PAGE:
Historical Social Research

Emily Barman: Many a Slip: The Challenge of Impact as Boundary Object in Social Finance. [Abstract]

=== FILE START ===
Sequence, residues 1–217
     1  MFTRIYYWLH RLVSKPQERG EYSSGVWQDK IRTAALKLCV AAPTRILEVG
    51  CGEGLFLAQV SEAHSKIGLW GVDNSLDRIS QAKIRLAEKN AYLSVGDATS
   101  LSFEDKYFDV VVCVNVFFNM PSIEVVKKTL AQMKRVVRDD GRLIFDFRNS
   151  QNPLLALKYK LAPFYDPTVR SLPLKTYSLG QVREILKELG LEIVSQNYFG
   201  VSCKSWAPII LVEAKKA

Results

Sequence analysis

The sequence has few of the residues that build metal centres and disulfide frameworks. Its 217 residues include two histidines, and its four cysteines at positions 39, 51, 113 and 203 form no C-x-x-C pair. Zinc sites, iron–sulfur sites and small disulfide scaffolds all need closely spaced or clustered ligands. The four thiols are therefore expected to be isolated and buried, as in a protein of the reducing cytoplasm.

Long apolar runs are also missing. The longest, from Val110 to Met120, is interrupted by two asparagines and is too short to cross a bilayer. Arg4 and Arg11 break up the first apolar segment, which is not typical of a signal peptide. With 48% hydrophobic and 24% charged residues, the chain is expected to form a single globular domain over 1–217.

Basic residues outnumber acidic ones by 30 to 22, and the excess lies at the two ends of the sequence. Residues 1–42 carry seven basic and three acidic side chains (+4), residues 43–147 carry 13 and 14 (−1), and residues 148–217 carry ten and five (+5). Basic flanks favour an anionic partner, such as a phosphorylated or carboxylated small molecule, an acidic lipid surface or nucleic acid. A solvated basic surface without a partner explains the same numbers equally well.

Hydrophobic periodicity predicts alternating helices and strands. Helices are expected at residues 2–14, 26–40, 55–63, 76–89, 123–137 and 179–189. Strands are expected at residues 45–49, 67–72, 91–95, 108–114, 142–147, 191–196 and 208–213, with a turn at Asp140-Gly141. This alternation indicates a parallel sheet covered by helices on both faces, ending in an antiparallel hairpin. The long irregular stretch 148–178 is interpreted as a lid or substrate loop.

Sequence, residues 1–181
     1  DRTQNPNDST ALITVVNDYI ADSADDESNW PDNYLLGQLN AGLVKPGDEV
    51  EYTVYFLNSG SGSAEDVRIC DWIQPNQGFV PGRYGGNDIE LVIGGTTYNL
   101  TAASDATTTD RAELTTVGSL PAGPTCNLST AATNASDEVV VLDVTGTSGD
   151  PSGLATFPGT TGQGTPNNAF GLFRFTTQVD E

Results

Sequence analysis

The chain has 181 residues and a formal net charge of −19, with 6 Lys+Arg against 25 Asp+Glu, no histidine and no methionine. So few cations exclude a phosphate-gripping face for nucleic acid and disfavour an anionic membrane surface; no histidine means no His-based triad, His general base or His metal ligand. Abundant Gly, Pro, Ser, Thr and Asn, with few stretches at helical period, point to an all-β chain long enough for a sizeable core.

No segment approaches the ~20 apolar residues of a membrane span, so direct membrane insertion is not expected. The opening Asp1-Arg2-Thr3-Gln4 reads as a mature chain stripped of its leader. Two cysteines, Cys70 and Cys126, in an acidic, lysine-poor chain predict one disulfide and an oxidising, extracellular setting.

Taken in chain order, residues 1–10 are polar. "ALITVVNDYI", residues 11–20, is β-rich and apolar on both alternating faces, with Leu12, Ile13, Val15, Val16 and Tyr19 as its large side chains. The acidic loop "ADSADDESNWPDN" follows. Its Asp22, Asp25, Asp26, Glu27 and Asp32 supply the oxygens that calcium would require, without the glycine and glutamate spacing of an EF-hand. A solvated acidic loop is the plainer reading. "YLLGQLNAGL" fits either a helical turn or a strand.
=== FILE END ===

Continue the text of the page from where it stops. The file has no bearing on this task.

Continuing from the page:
This article considers the construction of the market of Impact Investing – financial investment with the intentional pursuit of “impact” alongside financial return – as one case of the broader turn to Social Finance. Impact Investing is championed by proponents for its ability to provide a sustainable and scalable market-based solution to societal and environmental problems, in contrast to the limited efforts of government and civil society. This article delineates the work of the market maker who motivated the construction of a judgment device to address the issue of quality uncertainty in this new market. I offer a genealogy of this rating system for firms as potential impact investments, showing that it was commissioned by proponents of Impact Investing who, having first engaged in boundary work to distinguish Impact Investing from other spaces of Social Finance, then sought to appeal to traditional investors by mimicking the calculative tools used in traditional capital markets. Yet, the adaptation of a financial rating system to the new field was complicated by the multivocal status of “impact” as a boundary object involving multiple, disparate actors committed to the common project of creating a judgement device for impact investment yet diverging on the question of how impact was to be created by businesses and for whose benefit. The result was a slippage between the conception of impact espoused by the market maker of Impact Investing and the type of impact gauged by the rating system itself, with likely reactive effects for impact investors and investees. I conclude by positing that the development of suitable judgement devices that capture and communicate the impact of socially or environmentally oriented financial activity is one critical yet understudied condition for the ability of social finance markets to achieve their promise.

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